Students find new LAX-it ride-hailing system ineffectively implemented
Instead of calling an Uber or Lyft to the terminals, travelers must now board an LAX-it shuttle or walk to a lot where they can be picked up by ride-hailing services. Some travelers reported wait times of up to 90 minutes during peak hours.
(Amy Zhang/Daily Bruin senior staff)
Nov. 6, 2019 1:47 am
Long wait times and lines prompted the Los Angeles International Airport to expand its new pickup area for ride-hailing services by 50% on Wednesday.
LAX-it started Oct. 29, effectively barring Uber, Lyft and taxi pickups at LAX terminals. Instead, travelers must take a shuttle or walk to a parking lot just outside the airport where they can get picked up by one of the ride-hailing services.
The expansion was planned by LAX as a potential response to traffic patterns, according to a Monday press release. Since its rollout, wait times have exceeded 45 minutes during peak times, according to a Thursday press release.
Long wait times and unfamiliarity with the program have frustrated some travelers, including students who have had to use the program to get picked up by ride-hailing services.
Since the start of the program, wait times at the LAX-it lot have improved to around 10 minutes during nonpeak hours, the Monday press release read.
The purpose of the LAX-it program is to decrease traffic congestion in the central terminal area while the area is undergoing construction. LAX is aiming to complete an elevated electric train system that will move people in and out of the airport for free by 2023.
Parth Agrawal, a second-year electrical engineering student, was coming back from Detroit a day after the LAX-it program started. He said he did not take the shuttle because the lot was close enough for him to walk.
“I walked to LAX-it,” Agrawal said. “ There was a huge line and I had to wait an hour. It was a bit chaotic.”
When he met his driver, he heard they also had to wait about an hour to pick him up. Agrawal has seen similar programs implemented in Indian airports but added those were not as chaotic as what he experienced at LAX.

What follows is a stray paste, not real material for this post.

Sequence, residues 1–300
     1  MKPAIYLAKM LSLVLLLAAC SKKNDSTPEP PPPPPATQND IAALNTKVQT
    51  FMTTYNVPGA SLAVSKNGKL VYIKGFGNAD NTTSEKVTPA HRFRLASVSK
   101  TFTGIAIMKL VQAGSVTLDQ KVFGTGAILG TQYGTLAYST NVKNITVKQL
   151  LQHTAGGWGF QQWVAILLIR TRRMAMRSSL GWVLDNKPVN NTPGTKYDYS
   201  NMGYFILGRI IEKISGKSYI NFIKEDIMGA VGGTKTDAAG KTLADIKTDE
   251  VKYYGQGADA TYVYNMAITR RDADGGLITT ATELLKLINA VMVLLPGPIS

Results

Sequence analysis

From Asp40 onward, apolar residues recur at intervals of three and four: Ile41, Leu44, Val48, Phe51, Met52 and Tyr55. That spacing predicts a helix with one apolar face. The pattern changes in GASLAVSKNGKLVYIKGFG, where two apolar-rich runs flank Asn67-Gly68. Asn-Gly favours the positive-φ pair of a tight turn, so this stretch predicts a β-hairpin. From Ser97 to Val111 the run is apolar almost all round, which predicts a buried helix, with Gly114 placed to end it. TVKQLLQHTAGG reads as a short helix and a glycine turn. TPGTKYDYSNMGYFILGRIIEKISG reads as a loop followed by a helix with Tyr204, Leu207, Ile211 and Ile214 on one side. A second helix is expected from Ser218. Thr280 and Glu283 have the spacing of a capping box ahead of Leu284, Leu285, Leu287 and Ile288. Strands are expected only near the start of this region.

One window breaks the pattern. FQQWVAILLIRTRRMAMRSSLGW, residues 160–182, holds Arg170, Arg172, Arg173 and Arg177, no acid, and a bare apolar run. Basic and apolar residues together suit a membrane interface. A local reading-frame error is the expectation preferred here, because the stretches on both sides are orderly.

Agrawal said it seemed like officials at the airport were still figuring out how to best streamline the service since it only recently started.
Dan Zhukov, a fourth-year political science and history student, also had to use the LAX-it program Oct. 30. He said he only had to wait about five minutes to board an LAX-it shuttle to the lot, and only 15 to 20 minutes to get a ride.
“The shuttles are really convenient,” Zhukov said. “That was really nice. That new area they made, that’s the bottleneck.”
Zhukov added he wasn’t sure if the program was causing more problems but said he felt like the program was not improving traffic congestion or wait times for arriving travelers.
“As far as traffic congestion goes, I don’t think it’s helping aside from moving the traffic out of the airport,” Zhukov said.
Wooyoung Chang, a second-year pre-cognitive science student, said he goes through LAX to travel to and from South Korea. He said he thinks the switch was unnecessary and created more of a hassle and inconvenience for both riders and drivers.
“Now it’s like literally this island full of angry people that just want to go home,” Chang said.